While I may not always have the correct solution, my input could lead you in the right direction...
If you don't know what a command does, then type 'man <command>' or '<command> --help' to find out.

Offline joshua

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Re: New to programming on Linux. What do I need?
« Reply #4 on: 02. June 2013, 09:26:24 »
The 'base-devel' meta package should set you up with the basics (yaourt uses the tools in there to build/install AUR packages).
Code: [Select]
sudo pacman -S base-devel
If you want to see what gets installed with it, then type this in a terminal:
Code: [Select]
pacman -Ss base-devel, or search for base-devel in pamac.

Have Fun!
Unless he did a net install, which I doubt if he's still somewhat new to linux, this package would be wrong for him. The only packages out of base-devel he could use would be g++ and gcc which may have already came installed on his system, while many of the other ones probably came installed such as make and sed. Other's are sure to have came with his system like pacman. His best bet is probably to install and IDE that comes with almost everything he needs as a dependency.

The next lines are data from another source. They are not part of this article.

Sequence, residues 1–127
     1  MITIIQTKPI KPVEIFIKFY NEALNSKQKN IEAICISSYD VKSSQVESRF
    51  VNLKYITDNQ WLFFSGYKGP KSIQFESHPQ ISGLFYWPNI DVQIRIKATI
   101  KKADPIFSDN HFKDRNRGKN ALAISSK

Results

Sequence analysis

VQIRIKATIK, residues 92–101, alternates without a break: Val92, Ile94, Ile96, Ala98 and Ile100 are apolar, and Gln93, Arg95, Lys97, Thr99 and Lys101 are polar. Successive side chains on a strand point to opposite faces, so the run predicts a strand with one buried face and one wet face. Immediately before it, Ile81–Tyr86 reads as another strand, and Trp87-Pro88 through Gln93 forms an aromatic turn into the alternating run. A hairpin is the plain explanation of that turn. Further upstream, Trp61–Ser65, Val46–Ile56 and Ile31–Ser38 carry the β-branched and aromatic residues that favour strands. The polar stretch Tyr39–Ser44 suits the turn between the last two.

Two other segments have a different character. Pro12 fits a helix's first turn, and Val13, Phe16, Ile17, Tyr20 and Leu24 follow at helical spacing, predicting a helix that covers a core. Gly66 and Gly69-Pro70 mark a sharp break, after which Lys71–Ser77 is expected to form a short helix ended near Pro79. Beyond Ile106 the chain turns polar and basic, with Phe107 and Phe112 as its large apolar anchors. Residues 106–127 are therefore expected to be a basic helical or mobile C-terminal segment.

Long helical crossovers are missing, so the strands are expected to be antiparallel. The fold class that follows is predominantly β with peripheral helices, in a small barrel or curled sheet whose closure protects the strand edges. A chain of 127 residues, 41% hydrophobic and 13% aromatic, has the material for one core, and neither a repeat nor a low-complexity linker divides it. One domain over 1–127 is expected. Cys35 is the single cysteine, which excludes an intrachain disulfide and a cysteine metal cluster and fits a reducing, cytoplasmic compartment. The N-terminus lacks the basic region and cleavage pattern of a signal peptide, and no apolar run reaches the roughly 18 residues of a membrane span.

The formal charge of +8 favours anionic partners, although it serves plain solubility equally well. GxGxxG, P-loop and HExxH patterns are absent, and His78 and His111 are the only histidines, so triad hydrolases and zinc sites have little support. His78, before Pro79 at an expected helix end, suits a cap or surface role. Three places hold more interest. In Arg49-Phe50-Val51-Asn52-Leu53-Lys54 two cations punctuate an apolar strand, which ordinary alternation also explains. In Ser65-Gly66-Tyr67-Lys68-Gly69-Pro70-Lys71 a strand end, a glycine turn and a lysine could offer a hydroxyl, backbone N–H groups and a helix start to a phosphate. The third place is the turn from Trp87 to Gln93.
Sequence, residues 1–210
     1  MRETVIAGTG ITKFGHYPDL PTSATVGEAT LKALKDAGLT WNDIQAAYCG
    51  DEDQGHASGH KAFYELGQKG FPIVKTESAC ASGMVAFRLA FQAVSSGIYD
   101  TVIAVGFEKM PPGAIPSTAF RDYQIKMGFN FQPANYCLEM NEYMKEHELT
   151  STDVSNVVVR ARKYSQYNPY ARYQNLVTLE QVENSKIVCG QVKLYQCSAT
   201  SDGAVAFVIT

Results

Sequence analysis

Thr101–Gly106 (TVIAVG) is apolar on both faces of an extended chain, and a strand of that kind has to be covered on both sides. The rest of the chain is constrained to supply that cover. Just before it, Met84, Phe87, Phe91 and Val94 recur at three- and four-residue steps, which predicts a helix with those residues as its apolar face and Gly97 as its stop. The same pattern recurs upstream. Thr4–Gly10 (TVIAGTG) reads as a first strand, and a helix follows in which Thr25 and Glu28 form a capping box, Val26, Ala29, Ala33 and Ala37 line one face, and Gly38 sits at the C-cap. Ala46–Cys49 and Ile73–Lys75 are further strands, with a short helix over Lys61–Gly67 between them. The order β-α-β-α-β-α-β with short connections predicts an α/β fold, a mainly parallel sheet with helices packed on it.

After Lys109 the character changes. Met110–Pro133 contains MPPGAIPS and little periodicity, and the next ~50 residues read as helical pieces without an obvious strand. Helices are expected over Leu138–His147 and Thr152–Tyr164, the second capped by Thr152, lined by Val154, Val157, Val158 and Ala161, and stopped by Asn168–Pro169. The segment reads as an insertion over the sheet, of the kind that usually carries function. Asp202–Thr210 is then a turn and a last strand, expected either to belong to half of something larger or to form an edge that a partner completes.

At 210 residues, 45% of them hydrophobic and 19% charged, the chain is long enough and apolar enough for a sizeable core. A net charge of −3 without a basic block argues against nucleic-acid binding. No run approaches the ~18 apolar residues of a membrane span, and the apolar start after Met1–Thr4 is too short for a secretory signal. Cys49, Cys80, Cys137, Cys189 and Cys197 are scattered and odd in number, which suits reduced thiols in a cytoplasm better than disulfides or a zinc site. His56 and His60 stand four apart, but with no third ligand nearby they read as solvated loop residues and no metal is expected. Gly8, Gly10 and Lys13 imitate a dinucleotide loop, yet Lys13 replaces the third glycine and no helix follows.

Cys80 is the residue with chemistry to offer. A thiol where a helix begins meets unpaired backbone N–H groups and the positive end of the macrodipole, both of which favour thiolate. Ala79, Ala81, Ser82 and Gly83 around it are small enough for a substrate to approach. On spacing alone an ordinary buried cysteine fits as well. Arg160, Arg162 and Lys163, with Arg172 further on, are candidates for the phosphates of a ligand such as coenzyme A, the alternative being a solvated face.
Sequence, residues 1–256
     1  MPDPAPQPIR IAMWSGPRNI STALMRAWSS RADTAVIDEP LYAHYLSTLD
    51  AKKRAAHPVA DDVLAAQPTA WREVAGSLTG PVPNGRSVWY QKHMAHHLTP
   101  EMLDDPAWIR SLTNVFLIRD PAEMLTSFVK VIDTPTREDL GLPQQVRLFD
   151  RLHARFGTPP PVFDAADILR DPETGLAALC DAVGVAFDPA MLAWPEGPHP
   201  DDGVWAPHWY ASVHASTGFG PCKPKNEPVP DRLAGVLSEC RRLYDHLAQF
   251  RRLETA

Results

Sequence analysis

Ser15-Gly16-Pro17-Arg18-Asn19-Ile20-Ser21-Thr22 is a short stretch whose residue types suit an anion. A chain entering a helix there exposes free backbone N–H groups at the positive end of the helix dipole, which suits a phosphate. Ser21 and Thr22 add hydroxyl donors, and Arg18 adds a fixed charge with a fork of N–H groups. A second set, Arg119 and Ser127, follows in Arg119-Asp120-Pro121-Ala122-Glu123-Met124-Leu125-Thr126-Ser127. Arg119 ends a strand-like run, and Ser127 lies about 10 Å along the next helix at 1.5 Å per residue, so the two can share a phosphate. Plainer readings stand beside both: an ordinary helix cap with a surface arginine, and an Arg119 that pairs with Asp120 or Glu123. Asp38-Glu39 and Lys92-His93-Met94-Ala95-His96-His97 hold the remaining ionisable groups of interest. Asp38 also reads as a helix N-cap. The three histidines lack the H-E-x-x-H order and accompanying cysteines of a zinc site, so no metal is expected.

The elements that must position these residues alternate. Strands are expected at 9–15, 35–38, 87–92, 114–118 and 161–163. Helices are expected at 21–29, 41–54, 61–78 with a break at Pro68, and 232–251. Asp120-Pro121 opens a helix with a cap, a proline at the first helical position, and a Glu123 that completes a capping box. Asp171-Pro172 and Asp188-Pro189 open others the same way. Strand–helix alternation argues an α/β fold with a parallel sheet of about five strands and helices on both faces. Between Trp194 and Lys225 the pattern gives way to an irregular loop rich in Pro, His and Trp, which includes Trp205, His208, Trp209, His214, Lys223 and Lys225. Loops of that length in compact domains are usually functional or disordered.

Offline dante

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Re: New to programming on Linux. What do I need?
« Reply #5 on: 02. June 2013, 10:02:00 »
@LiquidumDev


As @dcell mentioned you should use first g++ and gcc for programming to understand the internal requirements of the language. With DE I recommended to use eclipse and netbeans are very good choice and easy for beginners (later also for advanced users).


As you know there are many Online games and the future move using more to play Online without to need installing any of them. So I think you should have a look in the LUA programming language, I think your education in the future not stops only in C++.


Second you need a good Texteditor with lot of useful features like syntax highlighting in different languages. I prefer for that geeny that I think is a very awesome Editor.


http://en.wikipedia.org/wiki/Lua_(programming_language)
http://www.lua.org/gems/
http://lua.gts-stolberg.de/en/index.php?uml=1


Have Fun!
--dante

Offline december

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Re: New to programming on Linux. What do I need?
« Reply #6 on: 02. June 2013, 12:41:55 »